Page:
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Short sleep duration is associated with inadequate hydration: Cross-cultural evidence from US and Chinese adults.

A new interesting article has been published in Sleep. 2018 Nov 5. doi: 10.1093/sleep/zsy210. [Epub ahead of print] and titled:

Short sleep duration is associated with inadequate hydration: Cross-cultural evidence from US and Chinese adults.

Authors of this article are:

Rosinger AY, Chang AM, Buxton O, Li J, Wu S, Gao X.

A summary of the article is shown below:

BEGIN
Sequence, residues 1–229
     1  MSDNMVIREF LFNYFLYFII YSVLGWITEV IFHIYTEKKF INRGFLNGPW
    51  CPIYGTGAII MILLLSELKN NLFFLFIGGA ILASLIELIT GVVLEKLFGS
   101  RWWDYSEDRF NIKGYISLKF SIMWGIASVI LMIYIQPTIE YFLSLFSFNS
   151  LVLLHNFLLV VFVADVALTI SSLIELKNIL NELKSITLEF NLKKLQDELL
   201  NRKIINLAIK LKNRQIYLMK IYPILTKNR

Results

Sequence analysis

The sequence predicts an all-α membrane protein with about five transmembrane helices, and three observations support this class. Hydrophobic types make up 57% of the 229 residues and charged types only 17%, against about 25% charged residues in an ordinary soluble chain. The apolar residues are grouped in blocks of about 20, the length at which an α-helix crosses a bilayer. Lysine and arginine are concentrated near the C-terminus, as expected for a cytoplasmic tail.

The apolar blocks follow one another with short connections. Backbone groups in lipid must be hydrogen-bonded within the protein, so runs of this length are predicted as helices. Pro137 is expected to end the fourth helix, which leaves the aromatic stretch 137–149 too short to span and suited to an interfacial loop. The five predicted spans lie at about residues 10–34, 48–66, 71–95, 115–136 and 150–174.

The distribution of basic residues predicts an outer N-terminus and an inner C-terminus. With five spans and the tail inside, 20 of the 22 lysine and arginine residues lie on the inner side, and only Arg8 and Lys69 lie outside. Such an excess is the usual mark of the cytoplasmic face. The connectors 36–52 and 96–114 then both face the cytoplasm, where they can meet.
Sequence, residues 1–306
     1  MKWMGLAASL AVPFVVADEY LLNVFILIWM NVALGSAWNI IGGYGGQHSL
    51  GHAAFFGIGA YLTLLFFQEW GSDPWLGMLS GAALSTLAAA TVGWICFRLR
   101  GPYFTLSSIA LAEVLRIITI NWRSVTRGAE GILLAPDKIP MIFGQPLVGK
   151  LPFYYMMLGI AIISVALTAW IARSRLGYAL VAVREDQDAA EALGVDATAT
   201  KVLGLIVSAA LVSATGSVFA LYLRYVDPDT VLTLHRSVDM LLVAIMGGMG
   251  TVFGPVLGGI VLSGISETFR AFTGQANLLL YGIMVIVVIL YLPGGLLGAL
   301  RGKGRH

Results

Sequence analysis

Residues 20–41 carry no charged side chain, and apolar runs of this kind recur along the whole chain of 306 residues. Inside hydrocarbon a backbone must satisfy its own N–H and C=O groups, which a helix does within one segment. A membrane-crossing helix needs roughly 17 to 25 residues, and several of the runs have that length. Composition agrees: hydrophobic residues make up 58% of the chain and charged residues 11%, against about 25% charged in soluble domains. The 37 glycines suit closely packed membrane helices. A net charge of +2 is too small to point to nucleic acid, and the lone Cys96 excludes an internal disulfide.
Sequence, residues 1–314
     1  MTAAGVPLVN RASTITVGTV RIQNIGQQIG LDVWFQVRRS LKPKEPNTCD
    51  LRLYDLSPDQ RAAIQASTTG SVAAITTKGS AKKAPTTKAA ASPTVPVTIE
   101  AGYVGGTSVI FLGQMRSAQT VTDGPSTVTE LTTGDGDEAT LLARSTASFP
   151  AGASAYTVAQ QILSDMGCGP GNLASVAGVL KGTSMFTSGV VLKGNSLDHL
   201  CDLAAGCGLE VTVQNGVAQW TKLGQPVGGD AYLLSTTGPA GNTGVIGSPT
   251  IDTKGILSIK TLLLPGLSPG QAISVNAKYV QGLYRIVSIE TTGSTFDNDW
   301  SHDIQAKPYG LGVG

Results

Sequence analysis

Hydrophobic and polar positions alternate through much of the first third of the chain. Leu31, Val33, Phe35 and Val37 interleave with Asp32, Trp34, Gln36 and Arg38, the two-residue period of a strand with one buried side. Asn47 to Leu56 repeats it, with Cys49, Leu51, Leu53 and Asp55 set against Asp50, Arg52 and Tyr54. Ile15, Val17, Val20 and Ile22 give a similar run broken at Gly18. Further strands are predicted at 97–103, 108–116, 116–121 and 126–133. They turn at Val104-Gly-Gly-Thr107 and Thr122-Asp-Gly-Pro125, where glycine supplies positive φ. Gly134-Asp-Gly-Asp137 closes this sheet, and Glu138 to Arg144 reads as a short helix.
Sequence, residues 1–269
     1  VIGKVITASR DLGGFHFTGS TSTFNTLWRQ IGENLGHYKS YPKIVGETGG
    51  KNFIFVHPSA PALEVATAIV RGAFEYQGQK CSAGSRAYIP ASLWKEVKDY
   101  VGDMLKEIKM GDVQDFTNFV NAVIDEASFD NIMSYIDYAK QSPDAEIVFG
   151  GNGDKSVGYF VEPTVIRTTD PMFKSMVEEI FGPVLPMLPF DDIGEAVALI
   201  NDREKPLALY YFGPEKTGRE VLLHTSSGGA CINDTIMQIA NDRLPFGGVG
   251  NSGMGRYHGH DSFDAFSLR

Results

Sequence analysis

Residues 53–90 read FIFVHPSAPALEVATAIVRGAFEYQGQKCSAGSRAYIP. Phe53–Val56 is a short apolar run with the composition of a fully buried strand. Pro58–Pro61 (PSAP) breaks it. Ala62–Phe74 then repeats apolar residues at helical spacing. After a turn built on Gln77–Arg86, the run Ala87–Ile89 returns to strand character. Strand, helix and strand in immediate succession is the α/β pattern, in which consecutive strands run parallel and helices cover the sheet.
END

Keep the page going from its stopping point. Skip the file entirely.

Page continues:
Study Objectives: Short and long sleep duration are linked to reduced kidney function, but little research has examined how sleep is associated with hydration status. Our aim was to assess the relationship between sleep duration and urinary hydration biomarkers among adults in a cross-cultural context.Methods: Three samples of adults aged 20y were analyzed: 2007-2008 National Health and Nutrition Examination Survey (NHANES; n=4,680), 2009-2012 NHANES (n=9,559), and 2012 cross-sectional wave of the Chinese Kailuan Study (n=11,903), excluding pregnant women and adults with failing kidneys. We estimated multiple linear regression models between self-reported usual night-time sleep duration (<6, 6, 7, 8 (reference), 9 hrs/day) and urine specific gravity (Usg) and urine osmolality (Uosm) as continuous variables and logistic regression models dichotomized as inadequate hydration (>1.020 g/ml; >831 mOsm/kg). In primary analyses, we estimated models excluding diabetes and diuretic medications for healthier sub-populations (NHANES n=11,353; Kailuan n=8,766).Results: In the healthier NHANES subset, 6 hours was associated with significantly higher Usg and odds of inadequate hydration (adjusted OR: 1.59, 95% CI: 1.25, 2.03) compared to 8 hours. Regression results were mixed using Uosm, but in the same direction as Usg. Among Chinese adults, short sleep duration (<6 and 6 hours) was associated with Usg and higher likelihood of inadequate hydration (6 hours adjusted OR: 1.42, 95% CI: 1.26, 1.60). No consistent association was found with sleeping ≥9 hours.Conclusions: Short sleep duration was associated with higher odds of inadequate hydration in US and Chinese adults relative to sleeping 8 hours.
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